Well, I think I got my math existential crisis solved out.

Thanks for your opinions guys!

I'll be using the Matlab copies installed on the uni's labs, when I specifically need Matlab. I'll be using MathCAD and Wolfram Alpha as PC and phone math packages, respectively and I bought an HP Prime calculator for classroom use.

Here are the rationales for my decisions:

*Matlab is a necessary thing on my curriculum, but I cannot afford the home edition as well as a calculator (more on that later). I am, however, still complaining for my university not providing us with .edu.do emails (they own a .edu.do domain and have had online platforms much more complex than simple POP3 email)[/li][/list]

*MathCAD is free. I haven't done anything with it, but I would predict it is sort of like Eagle or DipTrace in the math packages world. Matlab and Mathematica being sort of like Altium and Cadence[/li][/list]

*I had already bought mobile Wolfram Alpha when I started uni. It was 5 bucks, no periodic fee and it lets me see solutions step by step. Amazing value, but it doesn't integrate very well with my normal work flow (no pun intended). It paid out in less than 1 trimester[\li]

*I felt like my Casio FX-115ES is great, but it has limitations and I am already starting to be affected by them. It solves matrices and even quadratic equations and (defined) integration, but it struggles with it. In the case of the 3rd order polynomial solver, it often only gave me 2 roots, instead of 3. I know that sometimes that is because 2 of the roots are actually the same, but I need to know which two.[\li]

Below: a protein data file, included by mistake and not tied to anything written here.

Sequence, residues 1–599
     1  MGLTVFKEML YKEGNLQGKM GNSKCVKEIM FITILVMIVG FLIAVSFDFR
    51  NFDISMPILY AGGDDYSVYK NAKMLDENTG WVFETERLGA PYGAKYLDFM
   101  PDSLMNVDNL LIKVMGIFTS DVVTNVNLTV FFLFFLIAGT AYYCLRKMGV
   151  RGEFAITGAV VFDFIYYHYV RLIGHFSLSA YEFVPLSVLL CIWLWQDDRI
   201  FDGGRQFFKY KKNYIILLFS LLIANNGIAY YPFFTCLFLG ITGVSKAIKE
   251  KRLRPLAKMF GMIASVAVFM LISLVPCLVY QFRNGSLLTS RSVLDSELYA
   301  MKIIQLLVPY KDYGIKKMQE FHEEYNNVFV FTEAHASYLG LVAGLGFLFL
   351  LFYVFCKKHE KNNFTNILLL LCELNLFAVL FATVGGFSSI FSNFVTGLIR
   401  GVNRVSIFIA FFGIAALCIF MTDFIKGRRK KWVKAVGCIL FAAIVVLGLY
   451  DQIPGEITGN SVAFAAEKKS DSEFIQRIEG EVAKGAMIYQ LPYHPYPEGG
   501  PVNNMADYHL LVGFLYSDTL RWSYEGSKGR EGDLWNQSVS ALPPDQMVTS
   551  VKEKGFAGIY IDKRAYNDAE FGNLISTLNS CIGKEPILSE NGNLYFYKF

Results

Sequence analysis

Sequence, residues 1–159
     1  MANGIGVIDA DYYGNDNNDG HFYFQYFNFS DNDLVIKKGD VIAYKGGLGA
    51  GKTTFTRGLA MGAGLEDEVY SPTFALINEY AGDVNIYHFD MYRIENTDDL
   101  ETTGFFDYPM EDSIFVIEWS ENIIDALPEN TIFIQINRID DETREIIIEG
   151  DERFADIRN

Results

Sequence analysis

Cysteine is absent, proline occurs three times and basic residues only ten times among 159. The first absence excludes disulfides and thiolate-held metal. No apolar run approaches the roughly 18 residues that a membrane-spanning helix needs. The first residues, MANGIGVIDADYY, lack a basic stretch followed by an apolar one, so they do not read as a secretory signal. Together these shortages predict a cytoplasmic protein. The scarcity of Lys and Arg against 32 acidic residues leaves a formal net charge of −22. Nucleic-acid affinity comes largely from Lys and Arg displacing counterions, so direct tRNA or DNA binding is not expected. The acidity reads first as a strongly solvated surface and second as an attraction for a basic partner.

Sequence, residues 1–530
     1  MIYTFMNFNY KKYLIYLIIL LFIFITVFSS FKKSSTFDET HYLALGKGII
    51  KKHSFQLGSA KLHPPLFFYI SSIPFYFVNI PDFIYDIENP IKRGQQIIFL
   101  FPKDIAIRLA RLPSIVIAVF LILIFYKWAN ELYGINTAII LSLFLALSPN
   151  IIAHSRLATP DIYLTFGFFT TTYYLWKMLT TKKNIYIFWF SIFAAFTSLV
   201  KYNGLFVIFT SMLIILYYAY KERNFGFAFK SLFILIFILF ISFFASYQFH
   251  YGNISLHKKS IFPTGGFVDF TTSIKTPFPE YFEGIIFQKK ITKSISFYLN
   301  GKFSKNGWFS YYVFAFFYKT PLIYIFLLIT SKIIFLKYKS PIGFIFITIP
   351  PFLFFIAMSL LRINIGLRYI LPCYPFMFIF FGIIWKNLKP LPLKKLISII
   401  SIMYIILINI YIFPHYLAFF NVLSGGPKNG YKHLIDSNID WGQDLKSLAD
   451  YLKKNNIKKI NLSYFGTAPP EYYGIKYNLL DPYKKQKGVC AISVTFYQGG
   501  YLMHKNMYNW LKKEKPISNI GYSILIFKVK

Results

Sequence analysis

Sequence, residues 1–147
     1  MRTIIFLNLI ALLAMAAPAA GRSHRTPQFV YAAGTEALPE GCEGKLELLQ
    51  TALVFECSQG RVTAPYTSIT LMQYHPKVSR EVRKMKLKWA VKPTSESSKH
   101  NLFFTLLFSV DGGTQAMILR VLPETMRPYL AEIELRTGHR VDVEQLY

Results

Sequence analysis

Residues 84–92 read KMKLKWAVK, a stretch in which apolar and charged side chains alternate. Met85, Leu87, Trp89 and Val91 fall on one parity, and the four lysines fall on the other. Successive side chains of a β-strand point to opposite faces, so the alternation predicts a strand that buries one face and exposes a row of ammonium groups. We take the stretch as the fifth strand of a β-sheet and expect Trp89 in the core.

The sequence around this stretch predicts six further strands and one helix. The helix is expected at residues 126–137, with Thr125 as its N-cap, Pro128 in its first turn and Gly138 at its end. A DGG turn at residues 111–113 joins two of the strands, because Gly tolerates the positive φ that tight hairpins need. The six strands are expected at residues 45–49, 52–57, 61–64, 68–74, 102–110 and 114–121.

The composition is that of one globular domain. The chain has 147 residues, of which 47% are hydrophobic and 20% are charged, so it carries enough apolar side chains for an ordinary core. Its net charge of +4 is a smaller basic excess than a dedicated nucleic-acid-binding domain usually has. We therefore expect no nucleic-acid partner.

*Enter the HP Prime. I already took and passed all standardized test in my uni and country, that I know of, so I can get whatever calculator I want, not ridiculously crippled 20-year-old dinosaurs like the TI-84. The Prime's competitor is obviously the TI N-spire. It is extremely ugly for a start. I once tried to use it and it was more than counterintuitive. The mouse thing is ridiculous, the keyboard is not qwerty, so programming on it, if possible, would be a pain. So the keyboard is quite useless. It's only there, taking 1/4 of the calculator's surface and it's only useful for inserting variables. No trigonometric functions in sight. It looks and is bulky.

The HP is quite different. They opted for a touchscreen, which is okay. I played with the emulator and the whole thing makes more sense. There is no space wasted on the keyboard. Most, if not all of the keys, as a consequence, are bigger. The hardware seems like a fine piece of instrumentation, not only a high school toy that has to stand the abuse of irresponsible users. The keys are reportedly clicky and firm, with a metallic feeling. HP markets it to students and professionals. TI doesn't even mention professionals. I plan to finish college, you know...

To top this off, the HP is cheaper. Its community consists of professionals and (slightly dissapointed) HP calculator aficionados. TI seems to be teachers and students. "But Ivan, aren't you a student?" I hear you ask... yes, and I get educated by teachers, but I get the practical advise from professionals, because that's what I am going to be.

So HP prime it is